Coronavirus cases on Japan cruise ship rise to 61
An additional 41 passengers were found to have contracted the virus, which has killed hundreds of people, most of them in China, and infected more than 30,000 on the mainland.
Japanese authorities have so far tested 273 people on board the Diamond Princess, which was quarantined after a former passenger, who disembarked in Hong Kong last month, was diagnosed with the virus.
"The results of the remaining 171 tests came out and 41 tested positive," Health Minister Katsunobu Kato told reporters.
"Today they will be sent to hospitals in several prefectures, and we are now preparing for that."
The newly diagnosed include 21 Japanese, as well as Americans, Canadians, Australians, an Argentine and a Briton.
There were more than 3,700 passengers and crew on the ship when it arrived off Japan's coast on Monday evening. It docked in Yokohama on Thursday to resupply for a quarantine that could last until February 19.
Twenty people who were earlier diagnosed with the virus have already been removed from the vessel, including one in serious condition, a health ministry official said, without providing further details.
Testing was initially carried out on those who displayed symptoms or had come into close contact with the former passenger diagnosed with the virus.
But Kato suggested testing would now be expanded to those "who are susceptible to illness, including elderly people and those with other ailments, as well as those who had close contact with the people newly diagnosed with the virus."
There were no immediate details on how many people would meet those criteria or when the testing might take place.
Japan has already reported at least 25 cases of coronavirus aside from the infections on board the ship, and evacuated hundreds of citizens from Wuhan, the Chinese city where the virus emerged, including on a fourth flight Friday.
Passengers on the ship have been asked to stay inside their cabins to prevent new infections, and have expressed confusion and frustration about a quarantine expected to last until February 19.
American attorney Matt Smith, 57, and his wife Katherine, are among the luckier passengers, in a suite with their own balcony. But he told AFP that the 14-day quarantine was a "hard pill to swallow."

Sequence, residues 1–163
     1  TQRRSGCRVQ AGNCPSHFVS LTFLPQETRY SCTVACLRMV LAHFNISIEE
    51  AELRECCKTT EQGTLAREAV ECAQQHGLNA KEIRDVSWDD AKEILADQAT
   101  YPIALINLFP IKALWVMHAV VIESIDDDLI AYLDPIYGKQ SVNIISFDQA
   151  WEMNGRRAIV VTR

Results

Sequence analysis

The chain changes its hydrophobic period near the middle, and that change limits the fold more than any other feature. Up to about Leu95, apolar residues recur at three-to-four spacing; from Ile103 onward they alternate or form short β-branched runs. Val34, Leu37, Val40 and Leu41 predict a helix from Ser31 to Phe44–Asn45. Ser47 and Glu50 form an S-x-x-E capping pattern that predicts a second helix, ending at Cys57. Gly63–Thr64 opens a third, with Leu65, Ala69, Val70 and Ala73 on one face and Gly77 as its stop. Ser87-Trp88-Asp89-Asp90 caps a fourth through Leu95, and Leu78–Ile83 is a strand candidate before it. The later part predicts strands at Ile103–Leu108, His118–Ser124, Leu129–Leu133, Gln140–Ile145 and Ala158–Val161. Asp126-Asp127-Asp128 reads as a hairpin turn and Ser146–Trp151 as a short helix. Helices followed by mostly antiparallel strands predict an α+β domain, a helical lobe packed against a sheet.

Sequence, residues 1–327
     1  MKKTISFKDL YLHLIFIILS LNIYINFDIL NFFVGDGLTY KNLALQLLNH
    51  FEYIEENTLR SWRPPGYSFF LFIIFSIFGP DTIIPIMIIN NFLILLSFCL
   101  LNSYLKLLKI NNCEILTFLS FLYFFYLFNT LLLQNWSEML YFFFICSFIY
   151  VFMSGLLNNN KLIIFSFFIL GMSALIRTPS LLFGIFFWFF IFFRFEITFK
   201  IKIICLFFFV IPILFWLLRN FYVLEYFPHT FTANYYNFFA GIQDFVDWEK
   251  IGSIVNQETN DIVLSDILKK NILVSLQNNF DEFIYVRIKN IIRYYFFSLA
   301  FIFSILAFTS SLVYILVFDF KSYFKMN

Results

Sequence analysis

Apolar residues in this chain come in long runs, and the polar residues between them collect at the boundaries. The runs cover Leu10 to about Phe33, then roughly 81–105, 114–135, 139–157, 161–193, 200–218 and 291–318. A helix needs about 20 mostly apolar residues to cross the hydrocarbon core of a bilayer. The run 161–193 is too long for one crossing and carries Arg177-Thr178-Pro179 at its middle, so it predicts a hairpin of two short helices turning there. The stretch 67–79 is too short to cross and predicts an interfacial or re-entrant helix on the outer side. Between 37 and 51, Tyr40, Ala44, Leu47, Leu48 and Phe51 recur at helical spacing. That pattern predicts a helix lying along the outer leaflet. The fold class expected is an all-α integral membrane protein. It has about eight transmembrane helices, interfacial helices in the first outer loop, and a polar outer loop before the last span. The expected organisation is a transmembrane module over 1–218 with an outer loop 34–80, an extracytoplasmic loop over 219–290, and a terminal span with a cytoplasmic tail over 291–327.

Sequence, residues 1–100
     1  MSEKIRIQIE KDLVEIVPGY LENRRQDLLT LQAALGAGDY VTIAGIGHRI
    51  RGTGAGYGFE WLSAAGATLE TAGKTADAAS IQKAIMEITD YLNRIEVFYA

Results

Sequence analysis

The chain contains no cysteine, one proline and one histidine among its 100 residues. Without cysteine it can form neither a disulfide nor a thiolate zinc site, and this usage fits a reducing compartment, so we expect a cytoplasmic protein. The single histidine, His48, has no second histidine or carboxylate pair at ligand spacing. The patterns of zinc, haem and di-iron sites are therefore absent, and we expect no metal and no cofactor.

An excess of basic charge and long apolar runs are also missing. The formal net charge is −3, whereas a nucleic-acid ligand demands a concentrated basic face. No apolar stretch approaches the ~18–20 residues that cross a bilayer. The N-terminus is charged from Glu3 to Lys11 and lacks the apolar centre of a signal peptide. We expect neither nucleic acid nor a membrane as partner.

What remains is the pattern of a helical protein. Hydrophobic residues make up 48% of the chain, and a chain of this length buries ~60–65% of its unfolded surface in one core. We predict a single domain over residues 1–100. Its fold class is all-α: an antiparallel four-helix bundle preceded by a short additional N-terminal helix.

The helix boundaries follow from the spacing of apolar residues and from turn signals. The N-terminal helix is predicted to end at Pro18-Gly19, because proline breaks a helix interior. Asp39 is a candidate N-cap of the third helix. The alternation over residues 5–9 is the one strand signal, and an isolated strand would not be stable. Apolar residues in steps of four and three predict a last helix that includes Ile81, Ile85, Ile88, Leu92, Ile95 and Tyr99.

"My thought is, the greater number they diagnose on the ship, the greater chance they're going to find some reason to extend the quarantine," he added.
"It's a little disheartening."
Passengers in windowless inside cabins have been allowed onto open decks only briefly, under strict conditions, including wearing a mask at all times.
"The quarantine officials require that you avoid congregating in large groups and maintain a separation of at least one metre (three feet) from each other when talking," the ship's captain said in an announcement on Friday morning.
"We require that you wear as a minimum, warm clothing, hat and a scarf if possible," he added.
Crew wear masks and gloves when they deliver meals, Smith said, and on Friday thermometers were distributed to passengers, who were asked to notify staff of temperatures over 37.5 Celsius (99.5 Fahrenheit).
While some passengers have reportedly urged their governments to intervene, Smith said he understood the measures.
"The Japanese government is going to do what it can to prevent this virus, just as the US is doing in its borders," he said.
A second cruise ship carrying a passenger suspected of infection with the new virus is headed towards Japan, and authorities said they would ask it to avoid docking.
Holland America Line, which operates the Westerdam, said there were "no known cases of coronavirus on board" and stressed that the ship was not in quarantine.
"We are quickly working to develop alternate plans and are keeping guests updated on board as information becomes available," the firm said in a statement.
Four other ships are scheduled to arrive in Japan this month, and would also be asked to turn back if infections are reported on board, Prime Minister Shinzo Abe said.